, Volume 12, Issue 4, pp 235-236
Date: 23 Nov 2012

Preface to HSOR special issue on instrumental variable methods

This is an excerpt from the content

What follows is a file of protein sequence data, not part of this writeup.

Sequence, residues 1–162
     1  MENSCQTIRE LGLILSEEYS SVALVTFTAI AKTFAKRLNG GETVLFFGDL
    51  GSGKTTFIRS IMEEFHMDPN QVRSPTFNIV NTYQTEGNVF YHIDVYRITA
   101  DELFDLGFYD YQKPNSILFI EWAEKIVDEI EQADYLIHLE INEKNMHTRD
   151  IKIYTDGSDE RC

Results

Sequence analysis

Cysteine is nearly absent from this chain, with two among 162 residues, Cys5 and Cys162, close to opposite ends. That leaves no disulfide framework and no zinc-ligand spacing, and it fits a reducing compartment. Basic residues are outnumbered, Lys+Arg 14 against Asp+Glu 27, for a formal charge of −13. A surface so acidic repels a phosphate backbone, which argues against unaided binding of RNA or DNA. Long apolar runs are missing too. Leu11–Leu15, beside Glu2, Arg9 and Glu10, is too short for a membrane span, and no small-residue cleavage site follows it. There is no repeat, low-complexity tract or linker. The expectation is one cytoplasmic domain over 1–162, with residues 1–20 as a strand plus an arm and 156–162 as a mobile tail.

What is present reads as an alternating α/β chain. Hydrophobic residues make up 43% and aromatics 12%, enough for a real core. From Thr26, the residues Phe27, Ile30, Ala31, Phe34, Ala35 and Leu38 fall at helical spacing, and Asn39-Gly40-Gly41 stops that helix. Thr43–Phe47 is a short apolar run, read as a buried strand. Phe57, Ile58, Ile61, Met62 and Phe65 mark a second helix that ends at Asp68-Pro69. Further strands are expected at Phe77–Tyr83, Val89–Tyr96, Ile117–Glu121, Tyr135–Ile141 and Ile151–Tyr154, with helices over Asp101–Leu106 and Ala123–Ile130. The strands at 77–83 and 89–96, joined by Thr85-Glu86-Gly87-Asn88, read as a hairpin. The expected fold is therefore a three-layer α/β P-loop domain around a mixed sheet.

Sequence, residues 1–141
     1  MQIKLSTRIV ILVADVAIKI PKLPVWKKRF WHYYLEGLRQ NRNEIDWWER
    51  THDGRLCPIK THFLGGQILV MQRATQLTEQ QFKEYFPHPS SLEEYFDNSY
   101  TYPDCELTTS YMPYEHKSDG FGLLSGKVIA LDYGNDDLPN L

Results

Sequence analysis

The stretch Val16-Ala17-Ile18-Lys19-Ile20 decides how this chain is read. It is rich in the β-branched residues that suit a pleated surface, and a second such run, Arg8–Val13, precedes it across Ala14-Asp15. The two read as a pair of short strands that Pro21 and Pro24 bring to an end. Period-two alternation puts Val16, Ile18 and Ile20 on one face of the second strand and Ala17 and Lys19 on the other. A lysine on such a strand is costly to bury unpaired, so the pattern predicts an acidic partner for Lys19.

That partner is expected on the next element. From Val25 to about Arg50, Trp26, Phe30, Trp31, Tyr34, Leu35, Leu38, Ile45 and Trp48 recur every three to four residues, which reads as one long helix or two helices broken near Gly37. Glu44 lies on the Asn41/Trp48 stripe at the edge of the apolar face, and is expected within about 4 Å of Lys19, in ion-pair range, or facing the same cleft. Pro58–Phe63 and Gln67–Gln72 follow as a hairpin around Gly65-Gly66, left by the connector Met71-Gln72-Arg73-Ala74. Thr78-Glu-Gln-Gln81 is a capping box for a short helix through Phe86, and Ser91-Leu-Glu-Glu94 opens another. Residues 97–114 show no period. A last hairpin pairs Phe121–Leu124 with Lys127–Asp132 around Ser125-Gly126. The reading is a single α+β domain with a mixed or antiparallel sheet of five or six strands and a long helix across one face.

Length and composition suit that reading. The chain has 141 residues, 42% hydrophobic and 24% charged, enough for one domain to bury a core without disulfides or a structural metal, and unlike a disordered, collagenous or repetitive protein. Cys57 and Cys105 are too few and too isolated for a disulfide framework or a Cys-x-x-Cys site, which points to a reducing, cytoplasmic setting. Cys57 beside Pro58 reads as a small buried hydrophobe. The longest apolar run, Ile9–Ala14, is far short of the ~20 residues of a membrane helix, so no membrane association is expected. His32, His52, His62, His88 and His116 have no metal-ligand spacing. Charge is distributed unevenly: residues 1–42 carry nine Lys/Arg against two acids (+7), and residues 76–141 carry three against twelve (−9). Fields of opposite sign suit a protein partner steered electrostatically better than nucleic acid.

Selection bias is a central issue for health services and outcomes research. In observational studies, individuals who receive a treatment often differ from those who do not. Even in randomized controlled trials, those who comply with the protocol often differ from those who do not. Within the field of causal inference, there are methods for adjusting for measured confounders; however, remaining bias due to unmeasured confounders and model misspecification is always a concern. About 10 years ago, Health Services & Outcomes Research Methodology published a special issue on Causal Inference that was well-received in the field (Ash et al. 2001). The current special issue builds upon the previous special issue, with a focus on Instrumental Variable (IV) method, an approach for making causal inference about the effect of a treatment, even when there is unmeasured confounding. This is particularly attractive, as other causal methods such as propensity score matching can adjust only for obser ...